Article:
Longmont, CO

Mayor Brian Bagley

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On Longmont

“Like electricity, the Internet has become a crucial utility for American families and businesses. Longmont’s residents want and need reliable high-speed Internet. And through NextLight™, they’re getting access to the fastest and most dependable network around.”

On Next Century Cities

“When other cities have the same interests and the same challenges, it just makes sense to learn from them. There’s no sense in reinventing the wheel. We know that cutting-edge broadband is vital to Longmont’s homes, schools, and businesses, and by working with Next Century Cities, we can share our NextLight experience while also learning from our partners. It makes all of us better.”

What Longmont is working on

Our NextLight fiber-optic broadband network has made Longmont into Colorado’s first Gig City, providing citywide symmetrical gigabit speeds with no data caps or contracts. NextLight was named the 2017 Community Broadband  Project of the Year by the National Association of Telecommunications Officers and Advisors (NATOA), and in 2018, PC Magazine named NextLight the fastest ISP in the nation, displacing two-time champion Google Fiber. “Who could beat Google at its own game? NextLight, that’s who,” the magazine wrote. “There’s no denying small local players like this are the best hope we all have for seeing major gains in connectivity speed.”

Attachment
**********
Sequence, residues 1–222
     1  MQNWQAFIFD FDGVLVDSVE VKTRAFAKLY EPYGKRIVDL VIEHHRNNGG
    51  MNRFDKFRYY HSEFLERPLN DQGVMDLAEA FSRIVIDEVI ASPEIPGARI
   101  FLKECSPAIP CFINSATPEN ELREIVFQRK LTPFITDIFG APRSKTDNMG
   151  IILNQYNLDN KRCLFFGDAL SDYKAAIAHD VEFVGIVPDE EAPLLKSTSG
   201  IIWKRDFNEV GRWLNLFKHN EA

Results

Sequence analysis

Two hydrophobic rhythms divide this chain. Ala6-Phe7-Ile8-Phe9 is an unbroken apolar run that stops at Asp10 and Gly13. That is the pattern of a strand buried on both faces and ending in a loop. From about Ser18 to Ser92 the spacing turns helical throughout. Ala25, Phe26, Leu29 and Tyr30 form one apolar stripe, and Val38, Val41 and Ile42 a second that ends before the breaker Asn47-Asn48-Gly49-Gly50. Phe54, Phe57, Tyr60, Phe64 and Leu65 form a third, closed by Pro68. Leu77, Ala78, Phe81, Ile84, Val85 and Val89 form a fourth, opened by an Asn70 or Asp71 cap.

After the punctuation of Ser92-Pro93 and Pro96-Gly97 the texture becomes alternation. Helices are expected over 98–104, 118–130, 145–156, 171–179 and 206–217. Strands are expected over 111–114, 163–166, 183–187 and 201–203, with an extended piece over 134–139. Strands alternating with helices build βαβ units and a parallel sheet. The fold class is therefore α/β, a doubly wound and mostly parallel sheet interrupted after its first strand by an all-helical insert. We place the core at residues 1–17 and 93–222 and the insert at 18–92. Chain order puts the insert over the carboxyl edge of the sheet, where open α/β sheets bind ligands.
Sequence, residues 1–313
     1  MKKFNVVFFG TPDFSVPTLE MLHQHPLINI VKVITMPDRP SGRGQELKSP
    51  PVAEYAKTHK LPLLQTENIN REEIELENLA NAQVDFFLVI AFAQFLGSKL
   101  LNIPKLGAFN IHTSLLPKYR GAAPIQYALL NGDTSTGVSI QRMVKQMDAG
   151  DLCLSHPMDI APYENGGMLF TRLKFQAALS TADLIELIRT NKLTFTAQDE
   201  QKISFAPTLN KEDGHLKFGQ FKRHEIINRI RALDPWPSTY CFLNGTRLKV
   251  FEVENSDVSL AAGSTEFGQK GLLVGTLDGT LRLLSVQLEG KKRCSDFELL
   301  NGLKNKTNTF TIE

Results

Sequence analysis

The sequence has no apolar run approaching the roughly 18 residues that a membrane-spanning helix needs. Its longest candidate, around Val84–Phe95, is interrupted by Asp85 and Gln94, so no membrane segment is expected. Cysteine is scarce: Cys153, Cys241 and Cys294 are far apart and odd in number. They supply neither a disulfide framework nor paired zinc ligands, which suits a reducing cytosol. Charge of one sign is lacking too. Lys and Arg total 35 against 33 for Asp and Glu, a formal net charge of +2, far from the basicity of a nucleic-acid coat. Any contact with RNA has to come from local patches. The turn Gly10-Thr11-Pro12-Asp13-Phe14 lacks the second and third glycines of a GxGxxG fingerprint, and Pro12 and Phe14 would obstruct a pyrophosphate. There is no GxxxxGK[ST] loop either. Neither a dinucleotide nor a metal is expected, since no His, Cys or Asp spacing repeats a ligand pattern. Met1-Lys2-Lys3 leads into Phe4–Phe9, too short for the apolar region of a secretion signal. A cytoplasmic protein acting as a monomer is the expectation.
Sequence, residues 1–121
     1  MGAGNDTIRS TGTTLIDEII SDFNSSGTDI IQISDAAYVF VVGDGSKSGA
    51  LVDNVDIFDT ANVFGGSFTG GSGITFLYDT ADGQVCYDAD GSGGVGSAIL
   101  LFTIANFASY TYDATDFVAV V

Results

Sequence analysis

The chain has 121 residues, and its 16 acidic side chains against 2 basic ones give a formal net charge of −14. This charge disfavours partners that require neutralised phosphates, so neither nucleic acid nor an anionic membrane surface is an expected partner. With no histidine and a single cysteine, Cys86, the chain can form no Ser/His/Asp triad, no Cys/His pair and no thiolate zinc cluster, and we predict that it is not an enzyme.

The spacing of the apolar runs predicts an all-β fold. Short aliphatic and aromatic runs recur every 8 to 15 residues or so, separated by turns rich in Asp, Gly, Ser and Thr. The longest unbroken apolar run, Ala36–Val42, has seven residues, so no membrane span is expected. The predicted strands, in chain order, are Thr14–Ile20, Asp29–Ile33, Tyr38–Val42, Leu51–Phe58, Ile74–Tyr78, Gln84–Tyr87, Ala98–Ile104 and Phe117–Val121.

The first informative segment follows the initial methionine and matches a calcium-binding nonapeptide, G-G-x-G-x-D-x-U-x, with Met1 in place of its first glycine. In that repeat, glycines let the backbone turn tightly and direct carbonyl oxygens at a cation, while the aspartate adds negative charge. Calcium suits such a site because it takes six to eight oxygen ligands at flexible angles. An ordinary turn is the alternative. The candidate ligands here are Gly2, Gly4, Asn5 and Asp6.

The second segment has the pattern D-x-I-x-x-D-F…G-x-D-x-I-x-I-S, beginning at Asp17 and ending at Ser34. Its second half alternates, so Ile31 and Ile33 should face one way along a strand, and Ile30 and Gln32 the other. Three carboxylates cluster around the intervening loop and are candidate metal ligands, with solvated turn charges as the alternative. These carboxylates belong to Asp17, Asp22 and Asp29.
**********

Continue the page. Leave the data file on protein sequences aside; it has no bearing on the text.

The name reflects Longmont history. In 1912, the city turned its “first light” on by providing its own electricity despite fierce private industry opposition. Today, the light and glass of fiber optics provide Longmont with its “next light,” a model that communities across the country are studying as they prepare their own efforts. “Longmont has been the poster child for municipal broadband in Colorado,” the newspaper BizWest noted.

Longmont built its core fiber-optic loop in 1997, but a public-private partnership to build out a citywide internet service fell through when the private partner declared bankruptcy in 2001, not long after the agreement was signed. Plans for the network were further stalled in 2005 when the Colorado Legislature adopted Senate Bill 152, forbidding local governments from offering telecommunications services. Local voters restored those rights to the city in 2011, despite an industry-led opposition campaign that spent nearly $420,000. In 2014, Longmont began construction and offered service to the first NextLight customers.

Today, more than 50% of Longmont has subscribed to NextLight, with new customers joining every day. Offering both high-speed internet and Digital Voice telephone service, NextLight continues to transform homes and businesses across the city.

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